The main negative impact of porn, if I understand the research literature correctly, is that it makes guys unhappy about their own sex lives.There is a shifting emphasis among young men to desire women who are the “aggressors” during sex. This is a shift from traditional male-dominating roles. How did this evolve?

Men do want women to be more active and aggressive in sex. It was the thing guys mentioned most when describing what would be ideal sex for them. It's pretty easy to see why men would want a woman “who really wants it.” But beyond the promise of intense carnality, it also takes pressure off the guy to always take the initiative, and risk being rejected, if rejection is the last thing on the woman's mind.

Despite all this, you found that missionary is still popular, with the fussier 69 position largely uncommon. What do you make of that?

The missionary position is by far the most commonly used position for intercourse. And that's because missionary is the position chosen most often by the “gatekeeper,” not because it is the most erotic, but because it is the most bonding. And you know who the gatekeeper is.

In many ways, sex remains a distinct experience for the sexes: The women in your studies appear to desire closeness and love, while the men want aggressive women and oral sex. What are the consequences of these divides?

I wouldn't characterize the divide that way. I think the difference is women still want closeness and love most out of sex, and guys still want eroticism. What are the consequences? The chances are pretty good that when a woman and a man get into bed together, they have markedly different agendas. But I think more people understand that now and can meet psychologically as well as physically “somewhere in the middle.”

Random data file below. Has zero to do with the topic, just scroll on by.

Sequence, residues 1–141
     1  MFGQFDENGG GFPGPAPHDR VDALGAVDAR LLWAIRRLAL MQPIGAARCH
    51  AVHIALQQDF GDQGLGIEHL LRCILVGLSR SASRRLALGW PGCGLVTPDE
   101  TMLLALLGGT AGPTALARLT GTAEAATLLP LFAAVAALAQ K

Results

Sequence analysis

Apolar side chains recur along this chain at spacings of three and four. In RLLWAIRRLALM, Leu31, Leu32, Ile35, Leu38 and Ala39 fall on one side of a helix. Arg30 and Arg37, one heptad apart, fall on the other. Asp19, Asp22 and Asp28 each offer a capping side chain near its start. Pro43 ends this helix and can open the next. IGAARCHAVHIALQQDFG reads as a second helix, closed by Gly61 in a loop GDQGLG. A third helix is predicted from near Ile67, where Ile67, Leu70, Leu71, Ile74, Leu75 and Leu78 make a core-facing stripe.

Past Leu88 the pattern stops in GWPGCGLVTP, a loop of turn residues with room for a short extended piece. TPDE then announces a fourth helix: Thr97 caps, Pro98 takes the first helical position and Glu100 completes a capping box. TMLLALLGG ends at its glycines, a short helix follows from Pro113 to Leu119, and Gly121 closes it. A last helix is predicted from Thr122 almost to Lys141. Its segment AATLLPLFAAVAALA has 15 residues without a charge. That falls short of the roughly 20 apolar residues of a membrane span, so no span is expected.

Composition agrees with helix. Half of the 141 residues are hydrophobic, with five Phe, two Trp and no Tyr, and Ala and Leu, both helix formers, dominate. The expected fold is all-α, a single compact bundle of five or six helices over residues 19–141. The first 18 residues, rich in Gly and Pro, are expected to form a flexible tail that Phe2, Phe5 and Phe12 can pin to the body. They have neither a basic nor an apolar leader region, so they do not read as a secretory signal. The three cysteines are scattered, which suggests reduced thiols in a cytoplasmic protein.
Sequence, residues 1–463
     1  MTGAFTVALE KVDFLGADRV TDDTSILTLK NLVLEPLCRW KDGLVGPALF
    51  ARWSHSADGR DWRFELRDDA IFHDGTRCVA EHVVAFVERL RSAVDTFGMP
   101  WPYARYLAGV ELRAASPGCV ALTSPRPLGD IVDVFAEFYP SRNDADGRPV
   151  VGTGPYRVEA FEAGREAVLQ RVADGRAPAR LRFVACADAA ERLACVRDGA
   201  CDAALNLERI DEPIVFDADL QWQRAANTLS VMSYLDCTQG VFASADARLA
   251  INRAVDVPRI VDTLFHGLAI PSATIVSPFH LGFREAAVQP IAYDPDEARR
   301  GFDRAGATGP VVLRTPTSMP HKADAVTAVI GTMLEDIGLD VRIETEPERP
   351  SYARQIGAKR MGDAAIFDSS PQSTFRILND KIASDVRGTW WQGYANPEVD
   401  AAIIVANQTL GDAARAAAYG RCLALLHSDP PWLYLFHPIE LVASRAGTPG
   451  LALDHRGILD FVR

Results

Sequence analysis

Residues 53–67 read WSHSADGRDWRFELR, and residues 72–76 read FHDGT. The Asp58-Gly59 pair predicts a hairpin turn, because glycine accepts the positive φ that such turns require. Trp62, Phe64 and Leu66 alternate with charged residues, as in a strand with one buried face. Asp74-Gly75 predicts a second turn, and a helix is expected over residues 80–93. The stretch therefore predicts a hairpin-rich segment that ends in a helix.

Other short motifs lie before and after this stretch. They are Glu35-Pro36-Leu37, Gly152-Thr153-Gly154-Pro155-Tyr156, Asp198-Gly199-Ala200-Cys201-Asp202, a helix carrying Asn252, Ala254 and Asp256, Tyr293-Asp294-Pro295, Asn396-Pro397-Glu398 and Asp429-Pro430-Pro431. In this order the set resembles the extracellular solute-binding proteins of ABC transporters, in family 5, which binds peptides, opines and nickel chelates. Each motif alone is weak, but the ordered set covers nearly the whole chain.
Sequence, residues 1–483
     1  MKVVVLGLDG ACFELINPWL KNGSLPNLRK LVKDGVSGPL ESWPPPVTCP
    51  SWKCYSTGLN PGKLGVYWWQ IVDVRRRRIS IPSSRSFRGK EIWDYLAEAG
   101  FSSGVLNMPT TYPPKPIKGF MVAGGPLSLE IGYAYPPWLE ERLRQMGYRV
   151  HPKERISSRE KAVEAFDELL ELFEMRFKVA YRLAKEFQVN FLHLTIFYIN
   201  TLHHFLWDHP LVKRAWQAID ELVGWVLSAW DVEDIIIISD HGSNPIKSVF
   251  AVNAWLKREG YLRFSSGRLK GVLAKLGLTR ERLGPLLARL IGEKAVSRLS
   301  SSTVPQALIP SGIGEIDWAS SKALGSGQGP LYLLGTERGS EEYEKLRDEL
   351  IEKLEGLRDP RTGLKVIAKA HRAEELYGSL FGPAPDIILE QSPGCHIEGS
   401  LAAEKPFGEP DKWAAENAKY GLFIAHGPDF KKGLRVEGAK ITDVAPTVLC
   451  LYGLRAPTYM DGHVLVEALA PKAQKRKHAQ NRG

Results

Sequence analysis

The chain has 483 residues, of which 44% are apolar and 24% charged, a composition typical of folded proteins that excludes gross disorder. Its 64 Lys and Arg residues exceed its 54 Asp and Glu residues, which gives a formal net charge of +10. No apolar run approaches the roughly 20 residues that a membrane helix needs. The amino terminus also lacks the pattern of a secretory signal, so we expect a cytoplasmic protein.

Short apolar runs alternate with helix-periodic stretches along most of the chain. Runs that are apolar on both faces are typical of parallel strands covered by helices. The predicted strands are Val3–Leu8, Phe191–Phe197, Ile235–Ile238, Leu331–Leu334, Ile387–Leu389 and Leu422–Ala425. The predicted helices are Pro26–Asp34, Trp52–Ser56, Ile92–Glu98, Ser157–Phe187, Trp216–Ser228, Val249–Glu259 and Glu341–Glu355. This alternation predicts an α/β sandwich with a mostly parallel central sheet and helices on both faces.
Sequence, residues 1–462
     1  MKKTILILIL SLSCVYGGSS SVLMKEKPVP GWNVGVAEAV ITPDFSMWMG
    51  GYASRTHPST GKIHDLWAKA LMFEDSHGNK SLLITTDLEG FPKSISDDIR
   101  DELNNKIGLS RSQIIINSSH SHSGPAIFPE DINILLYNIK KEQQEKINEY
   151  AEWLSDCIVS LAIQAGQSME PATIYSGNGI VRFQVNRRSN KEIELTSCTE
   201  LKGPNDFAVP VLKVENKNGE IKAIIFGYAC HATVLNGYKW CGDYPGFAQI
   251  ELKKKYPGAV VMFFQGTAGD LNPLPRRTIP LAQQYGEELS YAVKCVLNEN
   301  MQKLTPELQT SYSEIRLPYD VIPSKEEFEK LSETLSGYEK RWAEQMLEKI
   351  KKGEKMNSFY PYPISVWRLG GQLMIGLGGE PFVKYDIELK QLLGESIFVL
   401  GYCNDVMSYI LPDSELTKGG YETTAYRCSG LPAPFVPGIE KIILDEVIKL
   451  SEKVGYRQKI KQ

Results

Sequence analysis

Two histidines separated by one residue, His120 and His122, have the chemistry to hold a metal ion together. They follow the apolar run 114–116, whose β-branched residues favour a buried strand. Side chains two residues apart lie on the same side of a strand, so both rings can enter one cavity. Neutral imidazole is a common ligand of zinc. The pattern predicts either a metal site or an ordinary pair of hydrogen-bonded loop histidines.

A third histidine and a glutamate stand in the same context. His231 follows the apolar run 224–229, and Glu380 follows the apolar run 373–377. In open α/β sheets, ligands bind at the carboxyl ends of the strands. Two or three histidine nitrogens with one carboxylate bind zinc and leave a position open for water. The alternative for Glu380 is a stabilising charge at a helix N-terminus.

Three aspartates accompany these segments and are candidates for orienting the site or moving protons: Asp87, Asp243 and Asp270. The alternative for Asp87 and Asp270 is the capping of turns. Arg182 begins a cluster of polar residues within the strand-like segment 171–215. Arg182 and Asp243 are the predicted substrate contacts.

You would share the results of the secret survey with the class in February. What were they most surprised by?

It was a highly anticipated lecture. There was a real tension in the air, so that the simplest wisecrack got roars of laughter. The students were very curious because they thought they knew what people their age were doing, but realized they didn't. I think they were surprised by most of the results, but certainly the levels of virginity, the enormously greater experience of the women in the class, the fact that almost all sex was happening in romantic relationships while “hunters and gatherers” were getting very little, the level of cheating, the differences in women's and men's fantasies – all of these things usually drew audible gasps.

Who is this book intended for? Do you think parents will freak out or be placated?

I wrote it for parents as much as anyone else. One of the questions I asked the students was, “How much do your parents know about your sex life?” And almost everybody said, “Practically nothing.” There is a fair amount of sex going on among high-school students, it seems. Most of it appears to be being done pretty responsibly, with high uses of condoms for example, and premarital monogamy the rule, not promiscuity. Whether parents are freaked out or placated, I hope they'll be informed. And their children might be informed by the definite fact that not everybody's doing it.